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Peripheral Arterial Disease.

Jack W. Love Jr., MD
Arch Intern Med. 1968;121(1):109-110. doi:10.1001/archinte.1968.03640010111028.
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This monograph by one of the pioneer vascular surgeons is a most excellent primer of peripheral vascular disease. It is lucidly written, generously referenced, well organized, and illustrated with an abundance of exceptionally clear diagrams, graphs, and photographs. Consideration is given to historical aspects throughout, and separate chapters are devoted to the anatomy, physiology, pathology, and diagnosis of peripheral vascular disease.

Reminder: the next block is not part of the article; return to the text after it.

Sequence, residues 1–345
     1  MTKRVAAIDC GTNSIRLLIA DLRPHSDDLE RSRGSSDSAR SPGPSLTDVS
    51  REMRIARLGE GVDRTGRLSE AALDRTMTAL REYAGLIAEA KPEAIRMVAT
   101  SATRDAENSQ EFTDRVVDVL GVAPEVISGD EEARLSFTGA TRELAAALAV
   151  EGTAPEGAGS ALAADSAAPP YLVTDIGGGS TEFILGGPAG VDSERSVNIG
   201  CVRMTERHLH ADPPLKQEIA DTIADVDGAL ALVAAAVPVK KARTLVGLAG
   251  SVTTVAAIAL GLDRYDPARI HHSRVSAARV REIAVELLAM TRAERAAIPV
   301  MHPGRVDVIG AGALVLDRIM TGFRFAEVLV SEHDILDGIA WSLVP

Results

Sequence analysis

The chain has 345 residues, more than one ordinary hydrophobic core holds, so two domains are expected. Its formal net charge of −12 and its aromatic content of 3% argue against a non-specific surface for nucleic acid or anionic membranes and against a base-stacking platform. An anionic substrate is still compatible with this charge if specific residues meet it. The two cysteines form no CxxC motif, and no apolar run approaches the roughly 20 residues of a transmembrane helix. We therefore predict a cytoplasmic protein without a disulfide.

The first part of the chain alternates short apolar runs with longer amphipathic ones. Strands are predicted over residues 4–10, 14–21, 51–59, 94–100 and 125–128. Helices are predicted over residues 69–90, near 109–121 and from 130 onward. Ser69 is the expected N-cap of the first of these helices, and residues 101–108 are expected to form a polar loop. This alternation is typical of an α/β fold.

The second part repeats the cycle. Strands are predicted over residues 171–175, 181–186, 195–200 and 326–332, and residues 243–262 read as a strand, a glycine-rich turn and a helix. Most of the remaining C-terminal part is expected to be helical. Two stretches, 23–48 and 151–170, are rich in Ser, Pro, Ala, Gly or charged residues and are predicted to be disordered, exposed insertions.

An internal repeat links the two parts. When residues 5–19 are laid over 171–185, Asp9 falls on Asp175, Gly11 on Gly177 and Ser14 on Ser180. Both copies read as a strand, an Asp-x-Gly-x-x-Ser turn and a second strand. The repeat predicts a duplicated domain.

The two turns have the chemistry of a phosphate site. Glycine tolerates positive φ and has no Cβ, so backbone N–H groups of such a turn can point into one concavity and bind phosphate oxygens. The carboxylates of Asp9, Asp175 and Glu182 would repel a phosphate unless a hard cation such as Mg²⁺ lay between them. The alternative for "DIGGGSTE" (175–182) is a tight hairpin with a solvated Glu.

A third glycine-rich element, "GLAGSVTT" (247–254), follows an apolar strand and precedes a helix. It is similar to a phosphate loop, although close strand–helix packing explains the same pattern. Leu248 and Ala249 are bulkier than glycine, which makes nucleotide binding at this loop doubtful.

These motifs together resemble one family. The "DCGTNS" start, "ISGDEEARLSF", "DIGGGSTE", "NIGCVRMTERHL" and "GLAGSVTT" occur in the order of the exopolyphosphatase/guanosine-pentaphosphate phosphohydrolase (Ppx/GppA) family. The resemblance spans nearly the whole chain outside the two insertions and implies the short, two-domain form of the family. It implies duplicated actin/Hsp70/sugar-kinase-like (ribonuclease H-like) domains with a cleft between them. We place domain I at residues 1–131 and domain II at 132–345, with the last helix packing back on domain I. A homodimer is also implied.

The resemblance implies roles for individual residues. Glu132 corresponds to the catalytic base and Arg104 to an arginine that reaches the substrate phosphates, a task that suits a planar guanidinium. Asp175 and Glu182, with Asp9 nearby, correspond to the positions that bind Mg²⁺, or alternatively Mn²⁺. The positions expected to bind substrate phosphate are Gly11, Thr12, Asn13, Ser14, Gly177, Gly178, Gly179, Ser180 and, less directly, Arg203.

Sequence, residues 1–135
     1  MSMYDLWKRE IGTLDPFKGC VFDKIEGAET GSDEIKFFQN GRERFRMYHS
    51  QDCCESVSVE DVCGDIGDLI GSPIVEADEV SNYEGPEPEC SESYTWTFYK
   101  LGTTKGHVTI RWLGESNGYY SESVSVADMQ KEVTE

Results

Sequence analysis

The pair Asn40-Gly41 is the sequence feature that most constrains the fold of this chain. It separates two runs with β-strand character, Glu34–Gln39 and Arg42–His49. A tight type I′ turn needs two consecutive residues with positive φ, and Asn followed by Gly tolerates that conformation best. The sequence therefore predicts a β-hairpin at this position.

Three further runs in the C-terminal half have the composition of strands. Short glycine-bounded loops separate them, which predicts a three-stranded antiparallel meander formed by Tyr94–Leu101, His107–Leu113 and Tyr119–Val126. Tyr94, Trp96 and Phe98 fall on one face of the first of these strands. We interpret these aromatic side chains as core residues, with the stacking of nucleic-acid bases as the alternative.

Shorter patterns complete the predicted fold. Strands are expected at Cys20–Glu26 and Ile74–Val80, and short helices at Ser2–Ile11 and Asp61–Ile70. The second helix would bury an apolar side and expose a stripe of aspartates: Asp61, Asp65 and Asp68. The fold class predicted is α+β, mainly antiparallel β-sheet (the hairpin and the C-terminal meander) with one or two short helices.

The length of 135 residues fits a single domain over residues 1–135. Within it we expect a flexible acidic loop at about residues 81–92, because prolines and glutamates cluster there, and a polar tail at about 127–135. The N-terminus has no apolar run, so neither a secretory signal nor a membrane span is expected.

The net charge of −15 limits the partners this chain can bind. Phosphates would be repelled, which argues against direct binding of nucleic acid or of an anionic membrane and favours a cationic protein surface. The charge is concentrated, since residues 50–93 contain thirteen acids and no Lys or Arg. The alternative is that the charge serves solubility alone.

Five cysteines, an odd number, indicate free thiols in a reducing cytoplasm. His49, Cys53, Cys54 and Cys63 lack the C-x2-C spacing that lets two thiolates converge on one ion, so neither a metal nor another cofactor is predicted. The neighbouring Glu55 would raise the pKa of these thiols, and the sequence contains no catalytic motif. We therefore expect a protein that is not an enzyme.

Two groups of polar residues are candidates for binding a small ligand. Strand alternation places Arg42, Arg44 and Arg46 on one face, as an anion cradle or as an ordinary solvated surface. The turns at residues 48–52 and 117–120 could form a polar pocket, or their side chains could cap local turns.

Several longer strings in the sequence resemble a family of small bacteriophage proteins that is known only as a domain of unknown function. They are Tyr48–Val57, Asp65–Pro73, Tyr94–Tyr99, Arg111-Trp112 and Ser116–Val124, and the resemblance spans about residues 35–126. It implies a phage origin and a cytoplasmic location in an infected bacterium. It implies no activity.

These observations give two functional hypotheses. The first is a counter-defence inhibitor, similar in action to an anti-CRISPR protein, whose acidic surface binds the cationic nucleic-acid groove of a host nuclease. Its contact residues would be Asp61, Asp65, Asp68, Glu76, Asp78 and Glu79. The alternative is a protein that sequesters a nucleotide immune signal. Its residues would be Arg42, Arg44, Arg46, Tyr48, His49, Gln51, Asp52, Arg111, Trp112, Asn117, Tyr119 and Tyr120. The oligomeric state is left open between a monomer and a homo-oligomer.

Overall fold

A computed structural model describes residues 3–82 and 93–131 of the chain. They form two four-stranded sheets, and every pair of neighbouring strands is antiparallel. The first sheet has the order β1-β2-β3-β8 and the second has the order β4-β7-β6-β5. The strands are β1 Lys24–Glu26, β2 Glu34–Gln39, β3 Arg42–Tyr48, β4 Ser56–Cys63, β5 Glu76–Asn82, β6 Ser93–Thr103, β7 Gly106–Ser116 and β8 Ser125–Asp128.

In subsequent chapters dealing with clinical management, the author expresses personal preference without neglecting other points of view. For instance, in the matter of femoropopliteal reconstruction, the author summarizes arguments and evidence regarding the use of autogenous saphenous vein synthetic grafts for bypass procedures. He declares firmly in favor of the vein while doing full justice to the excellent results with synthetic grafts reported from Houston and Detroit. A concluding chapter on the complications of vascular surgery is especially valuable. An awareness of potential iatrogenic insult must be developed


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